'Sargsyan’s Armenia' vs 'Pashinyan’s Armenia' – which is better?
Armenia has been in a state of uncertainty for several months now, as the public wonders who will be able to lead the country out of the crisis in which it found itself following defeat in the second Karabakh war.
The opposition has been demanding PM Pashinyan’s resignation, but the latter has no plans to leave, saying he would do so only per the result of snap elections in which the country’s population would express its opinion.
Later, his ruling party backed down on the idea of snap elections.
For two days in a row, ex-President Serzh Sargsyan has appeared on the air of the local opposition TV channel, lambasting PM Pashinyan, stoking the opinions of many that the new government is to blame for the current crisis.
In the first part of the interview, the former president focused on the details of the negotiation process on Karabakh and criticism of the current Armenian authorities for not recognizing the independence of Nagorno-Karabakh in the fall of 2020, during the war.
In the second part of the interview, Sargsyan accused the authorities of failing to protect the country’s interests and of deteriorating relations not only with Russia’s strategic ally, but also with all its neighbors.
Below – the opinions of Armenian politicians, experts and social media users, who have not in the least remained indifferent to the interview.
- Ex-President of Armenia Sargsyan thrashes PM in interview
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“Pashinyan is Sargsyan’s own project”
During the interview, the journalist asked Serzh Sargsyan if the rumors were true that Prime Minister Nikol Pashinyan was his “project”.
In Armenia, many think that Sargsyan “handed over” power to the leader of the “velvet” revolution Nikol Pashinyan in 2018, so as not to sign a document on the surrender of the territories of Karabakh to Azerbaijan.
But the ex-president replied that “such a project I would not even wish on an enemy.”
Political observer Hakob Badalyan wrote on his Facebook page in this regard:
“Okay, let’s leave aside the views, analyses and conspiracy theories about whether what happened in the spring of 2018 is Serzh Sargsyan’s ‘project’. Let’s say this is so. I would like to imagine a situation in which we ask Serge Sergsyan – is this so? And he replies: yes, you know, it was my project, I didn’t want to talk about it for so long, but since you asked, I must admit.”
Speaking about the fact that Pashinyan is not his project, Sargsyan also stated that Pashinyan is a project of those forces with which he “could have nothing in common”:
“I had only disagreements with them. There are disagreements in the sense that my views on the development of Armenia and Artsakh differed significantly from the views of these forces.”
Political commentator Hayk Khalatyan commented on this answer:
“And here questions arise that Serzh Sargsyan did not answer: what kind of mysterious forces is Pashinyan projecting, with which the ex-president ‘could never have anything in common’, ‘only disagreements’? Or why, knowing that this is an “anti-Karabakh movement” [as Sargsyan himself stated], he did not take any tough measures to ensure the security of Armenia and Artsakh? And no matter how now Sargsyan urged ‘not to blame him,’ by his actions or inaction, he actually became an accomplice in the surrender of Artsakh and the death of more than 5,000 Armenian servicemen and volunteers”.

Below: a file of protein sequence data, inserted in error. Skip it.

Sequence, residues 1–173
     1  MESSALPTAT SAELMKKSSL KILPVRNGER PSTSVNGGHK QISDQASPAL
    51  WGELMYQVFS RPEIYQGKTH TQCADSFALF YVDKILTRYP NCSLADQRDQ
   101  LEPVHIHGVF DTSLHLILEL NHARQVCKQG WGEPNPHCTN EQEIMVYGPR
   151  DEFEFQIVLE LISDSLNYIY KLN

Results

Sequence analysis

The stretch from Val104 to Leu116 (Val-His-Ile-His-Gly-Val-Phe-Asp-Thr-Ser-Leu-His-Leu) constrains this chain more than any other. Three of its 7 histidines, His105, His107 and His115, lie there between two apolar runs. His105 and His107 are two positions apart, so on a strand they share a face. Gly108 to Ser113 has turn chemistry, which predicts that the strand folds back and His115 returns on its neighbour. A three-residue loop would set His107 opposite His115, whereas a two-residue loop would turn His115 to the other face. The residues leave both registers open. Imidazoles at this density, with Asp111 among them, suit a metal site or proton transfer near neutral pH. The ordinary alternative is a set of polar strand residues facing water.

The ex-president was a pro-Russian cadre and now criticizes the new authorities for ruining relations with its neighbor to the north.
The Sasna Tsrer party, which has always acted as a radical opposition to pro-Russian rule and, in particular, to Sargsyan himself, also issued a statement:
“The Kremlin realizes that its Armenian pupils no longer enjoy the trust of wide public circles inside the country, and the Russian presence in Armenia is gradually being reduced to nothing. While before the war the Kremlin managed, with the help of multilevel control and manipulation by various columns of power, to control the political life of Armenia, now, when, figuratively speaking, ‘the horse has escaped from under the knight,’ the rider is forced to walk independently and openly throws the last worn out weapons.”
Social media response
Users of the Armenian Facebook segment also actively commented on the ex-president’s interview.
Here are some comments:
“To be honest, I am very surprised and angry. I was surprised by what was said about the war, about the reasons for the defeat, about the possible steps that could have been taken, but they were not treacherously taken.”
“It pains me very much that the ex-president, knowing the real situation, did not speak about this anywhere from the first days of the war. What prevented us from speaking in those days and declaring that in addition to the CSTO [a military bloc under the leadership of Russia, which includes Armenia], we also have a bilateral military agreement with Russia, that this fact can be used to ensure the country’s security? And then our army could go on victorious operations, and not rely on the detachments of volunteers.”
“Let him come out to the square and speak from there. Then he will see that he will be answered. It was he who made this mess.”
“If Sargsyan ruled the country normally, people like Pashinyan would not have come to power. We need a new prime minister – and he should not be from Armenia.”
“Nichol is a consequence. We had to get rid of you and got rid of you. Nikola’s time will also come, but you will not be in this business.”